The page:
Ana Serratosa
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Art gallery, Valencia (Spain)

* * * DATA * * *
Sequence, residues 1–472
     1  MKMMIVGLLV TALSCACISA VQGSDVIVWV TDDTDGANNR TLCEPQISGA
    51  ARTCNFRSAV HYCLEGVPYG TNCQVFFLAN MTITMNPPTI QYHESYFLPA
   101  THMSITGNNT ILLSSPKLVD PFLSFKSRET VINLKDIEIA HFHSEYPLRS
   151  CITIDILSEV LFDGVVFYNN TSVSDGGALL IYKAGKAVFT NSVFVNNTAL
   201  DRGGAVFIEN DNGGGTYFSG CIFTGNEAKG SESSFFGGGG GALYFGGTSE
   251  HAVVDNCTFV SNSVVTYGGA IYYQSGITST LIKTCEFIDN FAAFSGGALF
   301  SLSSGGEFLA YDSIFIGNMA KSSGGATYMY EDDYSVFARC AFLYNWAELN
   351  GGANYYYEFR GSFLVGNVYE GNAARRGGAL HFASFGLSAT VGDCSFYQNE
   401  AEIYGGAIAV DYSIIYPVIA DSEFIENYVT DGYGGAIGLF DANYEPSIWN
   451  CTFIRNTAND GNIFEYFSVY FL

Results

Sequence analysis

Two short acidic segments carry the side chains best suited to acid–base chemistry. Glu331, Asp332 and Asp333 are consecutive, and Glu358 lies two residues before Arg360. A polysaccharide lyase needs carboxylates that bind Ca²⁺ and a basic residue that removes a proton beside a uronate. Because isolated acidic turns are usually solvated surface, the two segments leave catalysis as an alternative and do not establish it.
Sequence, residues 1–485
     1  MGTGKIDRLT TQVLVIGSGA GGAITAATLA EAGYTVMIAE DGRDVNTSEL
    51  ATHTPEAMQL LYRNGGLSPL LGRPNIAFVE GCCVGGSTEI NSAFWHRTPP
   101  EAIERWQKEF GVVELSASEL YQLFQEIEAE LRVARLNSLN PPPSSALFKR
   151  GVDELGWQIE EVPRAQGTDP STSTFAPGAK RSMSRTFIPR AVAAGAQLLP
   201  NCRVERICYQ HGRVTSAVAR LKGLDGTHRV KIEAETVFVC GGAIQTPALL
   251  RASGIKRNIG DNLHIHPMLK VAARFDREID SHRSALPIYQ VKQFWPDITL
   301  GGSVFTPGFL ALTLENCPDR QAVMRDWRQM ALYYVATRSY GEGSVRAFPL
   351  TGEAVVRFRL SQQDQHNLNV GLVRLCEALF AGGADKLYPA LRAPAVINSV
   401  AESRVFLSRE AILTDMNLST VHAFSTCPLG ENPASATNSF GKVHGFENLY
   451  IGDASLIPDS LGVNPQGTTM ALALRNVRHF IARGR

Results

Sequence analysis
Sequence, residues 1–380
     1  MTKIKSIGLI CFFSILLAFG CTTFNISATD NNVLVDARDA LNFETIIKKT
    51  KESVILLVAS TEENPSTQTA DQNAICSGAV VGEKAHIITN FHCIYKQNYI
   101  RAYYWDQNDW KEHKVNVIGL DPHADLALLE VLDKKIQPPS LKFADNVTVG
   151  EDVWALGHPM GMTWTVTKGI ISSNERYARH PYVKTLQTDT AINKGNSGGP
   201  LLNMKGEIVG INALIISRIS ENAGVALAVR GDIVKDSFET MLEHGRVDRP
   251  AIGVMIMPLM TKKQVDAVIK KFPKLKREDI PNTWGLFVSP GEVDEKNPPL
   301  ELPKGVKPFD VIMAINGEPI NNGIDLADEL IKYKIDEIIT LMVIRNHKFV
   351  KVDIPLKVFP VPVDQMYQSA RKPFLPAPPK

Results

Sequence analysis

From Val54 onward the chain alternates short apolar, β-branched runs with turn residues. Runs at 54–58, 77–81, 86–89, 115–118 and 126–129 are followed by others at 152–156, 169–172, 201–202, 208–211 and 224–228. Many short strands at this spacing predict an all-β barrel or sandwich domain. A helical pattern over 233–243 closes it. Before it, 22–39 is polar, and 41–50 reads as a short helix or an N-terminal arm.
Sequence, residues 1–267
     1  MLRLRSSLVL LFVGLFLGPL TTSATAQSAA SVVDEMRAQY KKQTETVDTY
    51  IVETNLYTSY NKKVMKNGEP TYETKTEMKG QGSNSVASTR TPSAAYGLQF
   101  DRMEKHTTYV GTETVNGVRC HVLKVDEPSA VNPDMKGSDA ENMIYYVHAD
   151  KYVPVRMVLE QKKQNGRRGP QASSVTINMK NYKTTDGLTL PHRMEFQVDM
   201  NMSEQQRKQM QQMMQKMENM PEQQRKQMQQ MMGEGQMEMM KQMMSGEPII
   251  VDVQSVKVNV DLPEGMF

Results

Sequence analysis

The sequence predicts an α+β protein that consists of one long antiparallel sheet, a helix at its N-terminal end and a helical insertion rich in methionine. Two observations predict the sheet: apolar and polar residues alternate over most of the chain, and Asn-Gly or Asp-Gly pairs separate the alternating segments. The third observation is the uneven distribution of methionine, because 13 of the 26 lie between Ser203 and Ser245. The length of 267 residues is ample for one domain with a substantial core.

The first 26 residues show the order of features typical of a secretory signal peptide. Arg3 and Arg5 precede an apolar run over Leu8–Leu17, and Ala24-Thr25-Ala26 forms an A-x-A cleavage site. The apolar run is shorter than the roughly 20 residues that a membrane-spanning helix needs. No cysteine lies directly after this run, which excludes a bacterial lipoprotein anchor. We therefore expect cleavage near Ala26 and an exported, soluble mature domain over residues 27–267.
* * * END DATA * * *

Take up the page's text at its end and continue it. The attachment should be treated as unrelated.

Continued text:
Carlos Franco
Mayo 2001

Fernando Castro Flórez